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Old 2013-02-16, 18:15   #1
davar55
 
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Default Primes Concatenated

Consider the oeis sequence

2, 23, 235, 2357, 235711, 23571113, etc.

of integers formed by concatenating the first n primes.

Now derive the Mersenne subsequence

2^2-1, 2^23-1, 2^235-1, 2^2357-1, 2^235711-1, etc.

It's unlikely any of these but the first will turn up prime (in that
final reckoning). But if M2357 hasn't been factored, it ought
to be. It has 710 digits.
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Old 2013-02-16, 18:30   #2
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Quote:
Originally Posted by davar55 View Post
But if M2357 hasn't been factored, it ought
to be. It has 710 digits.
Why?
That number has been quadruple checked. The GIMPS database has 3 checks, one by non-Prime95 software. This gent proved it composite http://neoview.kicks-ass.net/mersenne/

Dario's ECM app returns it as composite in a flash.
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Old 2013-02-17, 00:17   #3
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I was just referring to the fact that 2357 is a pretty gem
and so 2^2357-1 deserves a special cutting (factoring).
The next two numbers in the series, 2^235711-1 and
2^23571113 are not yet completely factored either but leave
apparently rather big composites.
I didn't realize how much work had already been done here,
so I wasn't reacting to a lack of interest.
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Old 2013-02-17, 01:24   #4
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Quote:
Originally Posted by davar55 View Post
The next two numbers in the series, 2^235711-1 and 2^23571113 are not yet completely factored either but leave
apparently rather big composites...
http://oeis.org/A069151 are the only interesting ones.
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Old 2013-02-17, 09:43   #5
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Quote:
Originally Posted by davar55 View Post
if M2357 hasn't been factored, it ought
to be. It has 710 digits.
Go factor it, then. That's what I did when I decided, for reasons no worse than yours, that M1369 "ought" to be factored. I didn't come here and suggest that other people "ought" to work on my pet project.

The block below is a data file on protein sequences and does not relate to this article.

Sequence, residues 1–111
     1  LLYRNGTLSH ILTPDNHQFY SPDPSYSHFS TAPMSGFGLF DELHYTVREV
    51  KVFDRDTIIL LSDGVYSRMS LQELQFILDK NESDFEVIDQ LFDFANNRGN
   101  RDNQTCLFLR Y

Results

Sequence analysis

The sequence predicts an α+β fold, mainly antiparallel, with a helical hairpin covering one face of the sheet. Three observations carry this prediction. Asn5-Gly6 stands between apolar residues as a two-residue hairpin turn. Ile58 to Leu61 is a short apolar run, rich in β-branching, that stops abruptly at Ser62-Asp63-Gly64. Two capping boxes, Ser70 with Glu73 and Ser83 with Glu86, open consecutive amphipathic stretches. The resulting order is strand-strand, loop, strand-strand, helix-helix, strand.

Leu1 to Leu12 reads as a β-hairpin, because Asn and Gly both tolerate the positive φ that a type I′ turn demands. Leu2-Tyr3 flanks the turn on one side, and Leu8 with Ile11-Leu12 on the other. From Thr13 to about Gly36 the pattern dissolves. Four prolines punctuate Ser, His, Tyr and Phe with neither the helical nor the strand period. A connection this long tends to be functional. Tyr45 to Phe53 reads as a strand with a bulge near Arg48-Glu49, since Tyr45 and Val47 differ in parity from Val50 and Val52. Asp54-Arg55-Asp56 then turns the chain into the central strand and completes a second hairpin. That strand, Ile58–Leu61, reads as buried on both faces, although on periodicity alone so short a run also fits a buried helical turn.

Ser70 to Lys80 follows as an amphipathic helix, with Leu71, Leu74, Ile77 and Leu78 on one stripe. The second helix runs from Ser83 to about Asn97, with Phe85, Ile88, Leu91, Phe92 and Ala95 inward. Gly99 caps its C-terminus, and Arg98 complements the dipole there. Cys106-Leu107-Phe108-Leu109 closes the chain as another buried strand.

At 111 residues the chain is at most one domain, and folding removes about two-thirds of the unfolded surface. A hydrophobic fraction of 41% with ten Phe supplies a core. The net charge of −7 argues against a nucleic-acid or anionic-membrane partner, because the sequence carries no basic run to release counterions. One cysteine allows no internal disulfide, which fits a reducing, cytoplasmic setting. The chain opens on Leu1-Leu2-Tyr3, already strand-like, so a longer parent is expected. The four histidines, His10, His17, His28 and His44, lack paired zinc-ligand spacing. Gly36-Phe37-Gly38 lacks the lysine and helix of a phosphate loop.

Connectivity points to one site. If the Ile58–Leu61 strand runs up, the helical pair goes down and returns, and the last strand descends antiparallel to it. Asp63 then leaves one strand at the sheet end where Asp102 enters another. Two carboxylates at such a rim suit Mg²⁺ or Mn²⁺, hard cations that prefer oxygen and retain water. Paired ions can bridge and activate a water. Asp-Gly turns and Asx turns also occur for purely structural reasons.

Turns out that an awful lot of effort has already been expended on your number. It's highly unlikely to have a factor below 55 digits, and will probably be beyond even the most well-resourced team to factor for the next several decades.

But that shouldn't stop you from trying. Go run some more curves on it. And thank George Woltman for making this such an easy thing for you to do.
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Old 2013-02-17, 14:22   #6
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Quote:
Originally Posted by Mr. P-1 View Post
Go factor it, then. That's what I did when I decided, for reasons no worse than yours, that M1369 "ought" to be factored. I didn't come here and suggest that other people "ought" to work on my pet project.

Turns out that an awful lot of effort has already been expended on your number. It's highly unlikely to have a factor below 55 digits, and will probably be beyond even the most well-resourced team to factor for the next several decades.

But that shouldn't stop you from trying. Go run some more curves on it. And thank George Woltman for making this such an easy thing for you to do.
I was posting in ignorance of how much work has already been
expended on 2357, and I was just suggesting it as an interesting
four-digit exponent that might be addressed, not (as I acknowledged
in my second post) necessarily worth the extra effort ATP.

Hey I'm as grateful as anyone for the work being done here.
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Old 2015-01-02, 20:09   #7
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What makes a prime interesting? Generally, it must have some special form. The Mersenne primes are
repunits in binary. The primes of the form in this thread's OP are formed by concatenating sequences of
primes then forming the corresponding Mersenne number and factoring or proving primality. Etc. Etc.

Forming new primes by concatenating other primes and factoring just seemed like a nice idea to try.
So if no factors of 2^2357-1 are known, I'd like to call its smallest such factor (for no particular reason)
a "cat" prime.
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Old 2015-01-19, 18:42   #8
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Perhaps we can relate the home primes to other concatenation of primes sequences
and get some not-solely-arithmetic results out of all this work and computation.
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